The London Coliseum as English National Opera faces the swan song
He has now secured an emergency meeting with Culture Secretary Michele Donelan in which he will plead for the group to retain its London base while launching a “satellite” branch elsewhere in the country.
With a move to Manchester now on the cardshowever, the ENO may be forced to put the Colosseum – its crown jewel – up for sale.
Unsurprisingly, West End theater sales are infrequent. The last on the open market dates back to 2018, when the billionaire Sir Len Blavatnik paid £45million for the remaining 67-year lease on the Theater Royal Haymarket.
Mark Churchouse, Senior Director of Leisure at CBRE, said: “Obviously there is a huge shortage of opportunities to acquire theaters in London.
“Any theater that becomes available in the West End would have huge demand from a significant number of potential buyers.”
Despite the chaos sown in the theater industry by the pandemic, the outlook – at least in the medium term – is optimistic.
The public is returning after the lockdowns and American tourists are flocking to the capital in droves, taking advantage of a weak pound.
“It would be wrong to say there has been no impact and things are going well,” Churchouse says.
“It’s hard work for operators and we’re going to have a tough time in theaters, as we are with everything else.
“But this is London’s West End theater market and there will always be confidence in that market.”
Additionally, the Colosseum, which ENO bought for £12.8million in 1992, is a particularly rare find. With almost 2,400 seats and a stage over 24 meters wide, it is the largest theater in the West End.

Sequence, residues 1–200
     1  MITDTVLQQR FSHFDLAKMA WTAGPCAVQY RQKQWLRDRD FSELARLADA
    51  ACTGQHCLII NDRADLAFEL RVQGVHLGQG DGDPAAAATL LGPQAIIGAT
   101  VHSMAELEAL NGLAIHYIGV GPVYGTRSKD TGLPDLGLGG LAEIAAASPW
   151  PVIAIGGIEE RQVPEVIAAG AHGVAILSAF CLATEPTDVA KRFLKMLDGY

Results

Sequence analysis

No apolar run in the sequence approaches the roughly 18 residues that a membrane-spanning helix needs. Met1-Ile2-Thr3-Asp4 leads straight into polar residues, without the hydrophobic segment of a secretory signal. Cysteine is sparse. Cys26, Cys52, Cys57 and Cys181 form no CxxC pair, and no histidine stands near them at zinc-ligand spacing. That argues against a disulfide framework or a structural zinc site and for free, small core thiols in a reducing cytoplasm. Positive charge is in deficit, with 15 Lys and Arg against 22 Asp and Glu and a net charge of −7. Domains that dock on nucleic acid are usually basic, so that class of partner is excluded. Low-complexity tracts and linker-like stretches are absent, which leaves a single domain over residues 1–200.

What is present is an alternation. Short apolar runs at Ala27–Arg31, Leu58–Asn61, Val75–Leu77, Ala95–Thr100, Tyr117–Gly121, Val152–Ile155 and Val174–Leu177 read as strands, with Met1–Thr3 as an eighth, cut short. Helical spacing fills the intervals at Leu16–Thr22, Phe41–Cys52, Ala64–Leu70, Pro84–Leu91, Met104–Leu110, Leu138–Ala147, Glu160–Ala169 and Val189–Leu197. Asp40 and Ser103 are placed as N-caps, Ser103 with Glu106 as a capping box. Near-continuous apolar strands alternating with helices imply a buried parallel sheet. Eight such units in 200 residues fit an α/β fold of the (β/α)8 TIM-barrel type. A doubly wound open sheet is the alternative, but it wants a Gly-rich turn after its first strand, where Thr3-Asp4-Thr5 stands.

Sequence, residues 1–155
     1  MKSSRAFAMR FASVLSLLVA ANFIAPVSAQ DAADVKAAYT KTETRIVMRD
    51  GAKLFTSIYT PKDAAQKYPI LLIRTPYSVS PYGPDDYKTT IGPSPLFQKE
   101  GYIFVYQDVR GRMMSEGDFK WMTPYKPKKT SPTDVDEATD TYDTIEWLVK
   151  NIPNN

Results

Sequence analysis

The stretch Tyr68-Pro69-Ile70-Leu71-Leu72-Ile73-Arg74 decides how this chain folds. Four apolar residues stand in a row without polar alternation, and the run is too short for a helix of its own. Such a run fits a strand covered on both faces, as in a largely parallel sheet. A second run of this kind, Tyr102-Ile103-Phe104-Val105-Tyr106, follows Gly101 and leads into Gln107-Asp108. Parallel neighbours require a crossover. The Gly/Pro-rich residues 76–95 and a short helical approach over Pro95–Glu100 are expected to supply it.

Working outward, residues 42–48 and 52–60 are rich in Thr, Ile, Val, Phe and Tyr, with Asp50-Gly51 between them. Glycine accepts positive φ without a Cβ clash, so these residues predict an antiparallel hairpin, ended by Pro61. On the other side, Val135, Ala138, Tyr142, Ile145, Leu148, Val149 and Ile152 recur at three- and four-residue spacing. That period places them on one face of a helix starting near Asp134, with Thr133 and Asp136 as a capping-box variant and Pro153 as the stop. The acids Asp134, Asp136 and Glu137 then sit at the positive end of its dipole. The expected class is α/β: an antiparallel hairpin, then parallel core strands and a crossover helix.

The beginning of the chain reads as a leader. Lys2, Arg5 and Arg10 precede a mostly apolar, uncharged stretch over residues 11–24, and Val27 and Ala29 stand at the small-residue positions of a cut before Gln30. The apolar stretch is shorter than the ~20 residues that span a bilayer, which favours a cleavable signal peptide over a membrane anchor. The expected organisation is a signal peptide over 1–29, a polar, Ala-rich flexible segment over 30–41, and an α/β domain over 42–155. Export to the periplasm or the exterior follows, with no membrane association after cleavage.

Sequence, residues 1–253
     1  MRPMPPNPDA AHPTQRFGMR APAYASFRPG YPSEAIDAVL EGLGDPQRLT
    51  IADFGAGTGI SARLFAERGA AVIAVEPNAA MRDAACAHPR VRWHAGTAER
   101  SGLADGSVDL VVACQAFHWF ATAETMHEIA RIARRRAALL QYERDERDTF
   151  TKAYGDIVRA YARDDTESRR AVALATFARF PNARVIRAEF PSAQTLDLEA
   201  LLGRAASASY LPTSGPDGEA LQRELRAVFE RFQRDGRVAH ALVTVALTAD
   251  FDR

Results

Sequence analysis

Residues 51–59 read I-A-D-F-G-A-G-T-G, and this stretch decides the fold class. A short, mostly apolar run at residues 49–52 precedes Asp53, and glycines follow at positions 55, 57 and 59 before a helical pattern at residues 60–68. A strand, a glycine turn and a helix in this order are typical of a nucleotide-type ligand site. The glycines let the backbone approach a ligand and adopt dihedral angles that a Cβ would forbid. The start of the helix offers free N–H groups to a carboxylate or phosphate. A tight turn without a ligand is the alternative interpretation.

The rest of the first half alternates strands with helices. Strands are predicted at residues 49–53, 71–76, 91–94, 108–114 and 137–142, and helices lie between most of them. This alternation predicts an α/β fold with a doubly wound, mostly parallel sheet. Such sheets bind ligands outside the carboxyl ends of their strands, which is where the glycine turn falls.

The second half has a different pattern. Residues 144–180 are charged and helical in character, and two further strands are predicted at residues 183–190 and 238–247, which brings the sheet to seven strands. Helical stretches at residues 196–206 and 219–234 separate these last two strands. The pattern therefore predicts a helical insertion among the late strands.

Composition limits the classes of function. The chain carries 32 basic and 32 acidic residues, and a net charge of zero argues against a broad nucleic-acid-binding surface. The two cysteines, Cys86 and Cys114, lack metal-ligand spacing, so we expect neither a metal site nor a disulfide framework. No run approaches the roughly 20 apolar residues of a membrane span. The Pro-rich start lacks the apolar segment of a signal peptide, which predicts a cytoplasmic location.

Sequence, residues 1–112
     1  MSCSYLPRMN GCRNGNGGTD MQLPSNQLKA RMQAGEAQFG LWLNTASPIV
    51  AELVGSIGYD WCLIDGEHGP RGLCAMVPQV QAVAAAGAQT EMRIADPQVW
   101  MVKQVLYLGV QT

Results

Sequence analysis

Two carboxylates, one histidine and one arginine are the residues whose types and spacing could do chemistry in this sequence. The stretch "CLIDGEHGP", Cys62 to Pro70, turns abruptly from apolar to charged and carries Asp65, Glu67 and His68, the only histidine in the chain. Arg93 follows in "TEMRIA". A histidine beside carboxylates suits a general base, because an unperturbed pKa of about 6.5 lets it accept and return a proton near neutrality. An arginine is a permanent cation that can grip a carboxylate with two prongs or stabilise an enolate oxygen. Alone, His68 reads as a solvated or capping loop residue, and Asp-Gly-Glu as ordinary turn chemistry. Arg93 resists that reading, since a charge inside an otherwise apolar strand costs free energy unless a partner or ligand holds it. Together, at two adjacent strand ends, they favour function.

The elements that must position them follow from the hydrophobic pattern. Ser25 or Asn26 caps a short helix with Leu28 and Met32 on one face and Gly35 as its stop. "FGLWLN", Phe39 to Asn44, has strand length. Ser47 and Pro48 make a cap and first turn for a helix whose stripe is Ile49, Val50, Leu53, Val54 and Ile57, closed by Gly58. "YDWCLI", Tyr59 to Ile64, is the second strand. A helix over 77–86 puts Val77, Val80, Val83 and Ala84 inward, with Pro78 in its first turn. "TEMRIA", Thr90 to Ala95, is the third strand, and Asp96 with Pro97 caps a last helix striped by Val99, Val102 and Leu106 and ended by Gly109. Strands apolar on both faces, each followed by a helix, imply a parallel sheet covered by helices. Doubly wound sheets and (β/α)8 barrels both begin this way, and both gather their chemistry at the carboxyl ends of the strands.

Apart from the prestige, this makes the Coliseum an attractive proposition for an investor hoping to launch a large production with a long profitable life.
Four years after gaining a foothold in the theater world, there is speculation that Blavatnik could dive again, although a spokesperson for the mogul denied he was interested in the Colosseum.
Other players linked to a possible deal include Ambassador Theater Group, which owns dozens of venues in the West End and on Broadway, including the Lyceum and Apollo Victoria, and Delftont Mackintosh, the group behind the Sondheim and Noel Coward theatres.
Renowned producers, including David Ian and Andrew Lloyd Webber, may also have designs at the historic site.
For NWE, however, the battle has only just begun. A petition to restore funding for the organization, started by Welsh opera singer Sir Bryn Terfel Jones, easily exceeded its target of 25,000 signatures.
Meanwhile, boss Stuart Murphy is hoping he can force the government to rethink, underscoring ENO’s desire to target a diverse and young audience.